The simulations I am using for my experiment are extremely simple. I'm looking for the simplest possible systems that will exhibit something I would recognise as learning, partly to make this analytically tractable, and partly because that simple system must be a first step on the way to anything more complex. This also ties in to the point I made above about using simulations because they are faster than physical experiments: that's only true if the simulation is a significant simplification of the real world, and the simpler the simulation the more times I can run it in a given period on a given computer.

In my simulations, an agent is a point body, to which food is routinely presented. In each iteration (one trial), food may or may not be present, and may or may not be good, and the agent can either bite or not bite, based on the output of its controller. The agent has an energy level, which is increased by biting when good food is present, decreased by biting at any other time, and gradually decreases if the agent does nothing. Agents are scored by taking the average of their energy level across every trial to which they are exposed, and this is their fitness.

The whole population of agents is presented with the same set of trials, after which the chance of each agent being a parent is proportional to its fitness relative to the others in the population. In effect, agents are selected for their success at selectively biting only when there is good food present, but always biting when it is.

The learning comes in from what information is available to the agent to guide its behaviour. My research consists mainly of manipulating that as the independent variable, and analysing the behaviour of the agents that evolve as the dependent variable. There are some trivial cases—if there's no reliable information, or if the information is constant between sets of trials—that I know do not support any sort of learning (in the former there's nothing to learn, and in the latter it's much easier and more reliable for agents to be hardwired than to learn), and I'm trying to find the interesting cases in between those extremes. My thesis is that learning arises in response to environments that fall in the right range along that spectrum of information. [note to self: the previous sentence needs to be re-written without the clichés]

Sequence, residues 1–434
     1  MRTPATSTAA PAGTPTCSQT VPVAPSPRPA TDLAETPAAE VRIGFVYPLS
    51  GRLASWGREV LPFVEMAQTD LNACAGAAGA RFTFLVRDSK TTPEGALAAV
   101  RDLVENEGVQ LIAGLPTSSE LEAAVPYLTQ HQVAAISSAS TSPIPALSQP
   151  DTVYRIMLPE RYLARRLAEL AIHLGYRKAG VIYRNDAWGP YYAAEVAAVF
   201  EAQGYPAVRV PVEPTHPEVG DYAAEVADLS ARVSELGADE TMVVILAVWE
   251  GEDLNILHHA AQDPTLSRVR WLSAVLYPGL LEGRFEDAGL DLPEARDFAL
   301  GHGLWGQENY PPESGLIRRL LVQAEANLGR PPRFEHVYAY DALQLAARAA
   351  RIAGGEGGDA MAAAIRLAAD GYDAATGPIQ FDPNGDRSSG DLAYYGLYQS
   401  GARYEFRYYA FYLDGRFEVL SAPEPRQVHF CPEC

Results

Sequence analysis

I have an overall roadmap of different sorts of information I want to try, but I'll go into that later. For now I'll just explain how my current set of experiments works.

Right now I am testing a version of the general setup I described above, in which the information available to the agent is in the form of temporal correlations. The agent's only meaningful inputs are its own energy level, and a binary sensor that simply declares whether or not food is present (regardless of food type). There are also 3 other sensory neurons (included so that I can use the same controller architecture in other experiments), but they are fed random noise in these particular experiments, so they convey no information at all.

Each set of trials is described by a small number of parameters. There is the probability that food will be present in any given trial (I've been leaving this at 1 for the time being), the noise vector to present to the agent's input neurons (this is equivalent to the noise being pre-recorded, to make sure that every agent in the same generation gets an identical set of stimuli), and a time period. The food is always good in the first trial of a set, and then the period determines how many trials elapse until the food switches to bad, and then how many until it switches back to good, and so on. I was hoping that agents would use this information to tune their own behaviour to an oscillation between "bite" and "don't bite" that matches the time period.

So far, I haven't found an agent that does what I was hoping for, but this is an ongoing project, there wouldn't have been any point trying if I were certain it would work, would there?